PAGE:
Award-winning director Lav Diaz is known for his long (like really long), black and white films that tackle social issues. In his latest masterpiece, Ang Panahon ng Halimaw (Season of the Devil), he is again at his storytelling best as he transforms discomforting images found in today’s newsprints into a four-hour “rock-opera.”
The movie, which is set in a far-flung town during the late ’70s, follows the journey of poet Hugo Haniway (Piolo Pascual), who is searching for his wife Lorena (Shaina Magdayao), a medical volunteer. Other notable performers like Bituin Escalante, Pinky Amador, Bart Guingona, and Lilit Reyes share the spotlight and also lend their superb voices to the film, which may also be described as a “concept musical.” But due to the controversial storyline, filming was not held in the Philippines and was in fact done in the jungles of Malaysia.
During the movie’s screening at Ayala Malls in Glorietta, the star-studded cast minus the lead pair, graciously answered questions from MB Digital Entertainment.
WHAT MADE YOU ACCEPT THE ROLE?
Pinky Amador: Who wouldn’t be inspired to be in a Lav Diaz film? Being in one is a career move.
WHAT’S YOUR FAVORITE BEHIND-THE-SCENES EXPERIENCE?
Bituin Escalante: ‘Yung bonding, knowing that everyone in the same resort doesn’t have a sink. It creates a very special bond!
Bart Guingona: ‘Yung walang lababo talaga. You don’t realize how important a given is, when it’s not there. Wow! Parang naiba ‘yung mundo ko dun. Tapos kaya naman pala. Pwede naman, may gripo dun, may toilet din.
Lilit Reyes: And my favorite part was the break, kasi tinamaan ng Chinese New Year ‘yung break. So we were in Malaysia, so we have to stop shooting and were treated to a real Chinese New Year ritual and celebration.
GIVEN THAT THE FILM TACKLES A SENSITIVE ISSUE AND MIGHT BE PERCEIVED IN A NEGATIVE WAY, HOW WILL YOU RESPOND TO THE CRITICS?
Bituin: Doing the film was just an opportunity to tell the truth. Whether or not the people take it well, or the wrong way, hindi na po ‘yun up to us. But as artists, we take every opportunity to tell a truthful story. So hindi na namin iisipin ‘yung repercussions or rewards, it’s really the work.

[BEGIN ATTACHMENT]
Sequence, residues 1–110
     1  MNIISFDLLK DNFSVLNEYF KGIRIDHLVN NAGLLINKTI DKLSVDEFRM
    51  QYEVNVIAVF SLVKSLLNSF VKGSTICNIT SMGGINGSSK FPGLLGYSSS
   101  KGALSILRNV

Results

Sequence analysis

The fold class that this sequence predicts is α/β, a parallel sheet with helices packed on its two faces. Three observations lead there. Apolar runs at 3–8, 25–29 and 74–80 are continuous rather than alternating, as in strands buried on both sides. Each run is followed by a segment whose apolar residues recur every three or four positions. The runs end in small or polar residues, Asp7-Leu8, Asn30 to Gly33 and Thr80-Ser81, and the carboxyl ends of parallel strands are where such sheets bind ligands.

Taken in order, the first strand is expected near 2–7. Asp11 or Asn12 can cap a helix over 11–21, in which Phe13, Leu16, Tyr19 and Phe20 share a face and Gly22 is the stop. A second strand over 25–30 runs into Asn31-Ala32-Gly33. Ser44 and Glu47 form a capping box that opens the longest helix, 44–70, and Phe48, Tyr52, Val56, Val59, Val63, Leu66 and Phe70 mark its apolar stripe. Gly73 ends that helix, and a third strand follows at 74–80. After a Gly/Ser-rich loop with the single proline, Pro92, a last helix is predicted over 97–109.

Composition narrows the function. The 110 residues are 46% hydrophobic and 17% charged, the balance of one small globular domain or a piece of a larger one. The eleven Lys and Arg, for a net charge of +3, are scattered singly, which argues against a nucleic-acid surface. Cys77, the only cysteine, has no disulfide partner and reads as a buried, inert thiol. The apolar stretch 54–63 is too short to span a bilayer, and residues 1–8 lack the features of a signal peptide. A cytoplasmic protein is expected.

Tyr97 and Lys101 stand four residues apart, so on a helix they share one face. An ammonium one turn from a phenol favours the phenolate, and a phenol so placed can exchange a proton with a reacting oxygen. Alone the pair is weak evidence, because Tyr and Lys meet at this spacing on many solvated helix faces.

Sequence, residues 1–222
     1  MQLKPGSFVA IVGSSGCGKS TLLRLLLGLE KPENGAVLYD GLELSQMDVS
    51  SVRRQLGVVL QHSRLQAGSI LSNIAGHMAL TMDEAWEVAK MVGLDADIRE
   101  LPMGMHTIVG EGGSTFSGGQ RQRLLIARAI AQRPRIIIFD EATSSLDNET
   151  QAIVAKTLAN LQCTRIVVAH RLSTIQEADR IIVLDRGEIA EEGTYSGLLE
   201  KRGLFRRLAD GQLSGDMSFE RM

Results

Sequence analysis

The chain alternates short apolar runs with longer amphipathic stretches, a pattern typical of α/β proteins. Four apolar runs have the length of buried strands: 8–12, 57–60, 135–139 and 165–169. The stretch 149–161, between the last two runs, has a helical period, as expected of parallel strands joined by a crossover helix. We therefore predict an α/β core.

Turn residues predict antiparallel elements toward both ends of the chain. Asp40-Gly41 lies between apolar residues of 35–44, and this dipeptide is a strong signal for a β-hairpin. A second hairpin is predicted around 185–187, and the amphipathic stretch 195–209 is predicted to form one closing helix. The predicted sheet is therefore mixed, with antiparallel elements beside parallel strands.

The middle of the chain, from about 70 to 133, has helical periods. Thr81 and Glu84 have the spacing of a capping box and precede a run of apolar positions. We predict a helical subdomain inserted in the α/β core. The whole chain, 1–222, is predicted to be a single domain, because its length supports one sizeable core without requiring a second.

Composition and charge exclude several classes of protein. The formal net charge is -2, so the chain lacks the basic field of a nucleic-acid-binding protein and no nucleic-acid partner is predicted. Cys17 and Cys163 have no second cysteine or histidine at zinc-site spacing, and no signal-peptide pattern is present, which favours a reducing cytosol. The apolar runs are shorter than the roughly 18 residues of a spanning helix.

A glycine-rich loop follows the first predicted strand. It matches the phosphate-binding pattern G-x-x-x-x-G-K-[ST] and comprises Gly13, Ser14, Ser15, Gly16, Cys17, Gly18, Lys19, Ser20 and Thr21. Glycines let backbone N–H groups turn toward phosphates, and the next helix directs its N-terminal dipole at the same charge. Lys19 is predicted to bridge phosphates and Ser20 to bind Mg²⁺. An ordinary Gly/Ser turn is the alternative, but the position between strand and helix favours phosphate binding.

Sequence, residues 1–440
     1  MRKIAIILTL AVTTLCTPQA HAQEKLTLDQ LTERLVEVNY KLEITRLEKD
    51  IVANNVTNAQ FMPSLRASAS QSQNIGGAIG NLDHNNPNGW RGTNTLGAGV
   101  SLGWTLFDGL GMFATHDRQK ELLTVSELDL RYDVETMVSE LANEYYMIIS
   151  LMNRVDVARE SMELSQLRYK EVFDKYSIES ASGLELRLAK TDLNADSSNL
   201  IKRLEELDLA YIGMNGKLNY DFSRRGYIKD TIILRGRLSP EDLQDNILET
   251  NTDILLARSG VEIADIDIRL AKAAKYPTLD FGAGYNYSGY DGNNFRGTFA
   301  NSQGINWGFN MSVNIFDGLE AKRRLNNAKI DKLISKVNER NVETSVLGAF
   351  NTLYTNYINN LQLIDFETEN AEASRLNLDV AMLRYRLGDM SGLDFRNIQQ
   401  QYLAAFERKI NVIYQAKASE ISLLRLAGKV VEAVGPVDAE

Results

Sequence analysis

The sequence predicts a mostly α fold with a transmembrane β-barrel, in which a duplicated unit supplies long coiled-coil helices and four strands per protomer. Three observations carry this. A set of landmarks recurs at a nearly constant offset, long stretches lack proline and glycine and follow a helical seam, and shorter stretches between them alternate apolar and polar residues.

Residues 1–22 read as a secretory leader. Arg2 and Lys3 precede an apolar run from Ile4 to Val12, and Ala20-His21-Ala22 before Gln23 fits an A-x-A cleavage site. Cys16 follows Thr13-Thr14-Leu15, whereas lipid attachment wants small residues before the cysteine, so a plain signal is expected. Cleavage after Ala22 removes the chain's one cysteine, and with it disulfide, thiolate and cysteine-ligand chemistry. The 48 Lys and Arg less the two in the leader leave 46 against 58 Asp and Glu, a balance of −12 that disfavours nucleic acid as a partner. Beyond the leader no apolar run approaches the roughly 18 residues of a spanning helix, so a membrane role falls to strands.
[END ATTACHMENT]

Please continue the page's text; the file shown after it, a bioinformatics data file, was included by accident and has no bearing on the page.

I’m also approaching this movie from an audience’s point of view ’cause it’s different to see it from the creative side and as an audience member. As an audience member, it takes your participation to voluntarily seat through four hours of difficult, honest situations, and allow all these feelings to stew. You’re in a dark theater receiving all these and it leaves you vulnerable. So for an audience member to sit down and take that all in, it requires as much commitment as what part of the creative process. We encourage everyone to see this and feel it. Feel, go through the experience of watching this difficult situations.
Bart: I think as a lover of freedom and democracy, that’s a reason enough to be part of this film… And ang kagandahan ng mga obra ni Lav Diaz ay he is one of the directors who requires equal commitment from the audience. He won’t sit back, hindi kayo magse-cellphone, in other words it requires you as committed, as involved as those who created it. Kasi in final analysis, ‘yun ang definition ng tunay na sining.
Lilit: Interesting thing about Lav’s artwork is that he makes you see things differently, and he makes you rethink things. For example, in this particular movie you have to be forewarned that it’s four hours of a difficult way of telling a story. So he makes you rethink, but what he was also doing here is he is also trying to make you see history again in a context of what is happening today. It’s worrisome, because we as a country, don’t seem to learn from our own history. So it takes a little bravery, a little chutzpah for you to actually go up and say we are doing this because it’s our duty as artists to provoke, it’s our duty as artists to pitch reality to our viewers.
Catch Ang Panahon ng Halimaw at select Ayala Malls starting May 30.